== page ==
Rice Bowl with Veggies and Shrimp
Serves 2

  • 2 cups brown rice
  • 1 tbsp olive oil
  • 8 ounces peeled shrimp
  • 1 clove garlic, minced
  • 1 medium onion, diced fine
  • 2-3 cups frozen peas
  • 2 tsp curry powder
  • 1 tsp turmeric
  • 1/4 tsp ginger powder

  1. Cook rice as per package instructions if you don't have any leftover on hand.
  2. Heat olive oil in a large pan over medium high heat
  3. Cook shrimp until pink, toss in garlic
  4. Remove shrimp from pan
  5. Saute onions until soft
  6. Add peas, curry, turmeric and ginger, heat until the peas are just bright green
  7. Add in rice and shrimp, heat through
  8. Serve!

Yup, that's it. Tasty!

Tuesday, March 20, 2012

Low Sodium Asian Stir Fry Sauce

I've been a little gobsmacked about the amount of sodium in Asian foods, even the recipes I make at home.  Here's a sauce that takes the sodium down to just 250 mg per serving!  Enjoy!

Be sure to cook this sauce for a couple of minutes to let the cornstarch do it's thing and thicken.  If you don't want to cook the sauce then leave out the cornstarch.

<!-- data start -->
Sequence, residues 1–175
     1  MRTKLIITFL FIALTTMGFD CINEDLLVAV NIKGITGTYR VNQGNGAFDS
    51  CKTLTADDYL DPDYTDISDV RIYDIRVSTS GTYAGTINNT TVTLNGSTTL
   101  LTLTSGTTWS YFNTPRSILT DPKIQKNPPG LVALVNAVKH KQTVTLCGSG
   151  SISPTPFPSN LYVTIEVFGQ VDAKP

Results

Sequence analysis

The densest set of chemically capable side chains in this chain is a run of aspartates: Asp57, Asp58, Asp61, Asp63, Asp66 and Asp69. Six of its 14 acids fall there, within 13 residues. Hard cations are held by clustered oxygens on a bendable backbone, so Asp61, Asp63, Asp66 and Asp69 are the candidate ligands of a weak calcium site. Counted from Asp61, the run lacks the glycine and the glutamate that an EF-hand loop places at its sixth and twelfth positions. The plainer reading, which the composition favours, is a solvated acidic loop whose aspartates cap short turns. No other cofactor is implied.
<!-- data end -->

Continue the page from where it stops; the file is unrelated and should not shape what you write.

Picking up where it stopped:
Stir Fry Sauce
Serves 4

  • 1 tbsp soy sauce
  • 1 tbsp rice wine vinegar
  • 1 tbsp sesame oil
  • 1 tbsp brown sugar
  • 2 tbsp water
  • 1 tsp garlic chili sauce
  • 1/2 tbsp cornstarch

  1. Mix everything together and let sit until the sugar dissolves. 
  2. Remix before pouring into your dish to make sure the cornstarch is well blended

As I mentioned it works out to 250mg of sodium per serving!

Saturday, March 17, 2012

Happy St. Patty's Day!

Why yes I am part Irish, what gave it away?!  When I went back to my natural hair colour after years of highlighting it to within an inch of it's life, I kept passing the mirror and thinking to myself "holy crap can you see the Irish in me now!".  This was due to the reddish brown tones mother nature gave me.  I'm English-Irish and can trace my family roots back 7 generations.  We may be dull but we're consistent.  It's only in this generation that anything other than English-Irish has entered our gene pool!  How's that for dull?!  While I live in New Scotland (Nova Scotia) I have not a lick of Scottish in me.  So today is extra special as we Irish take over Nova Scotia and call today ours.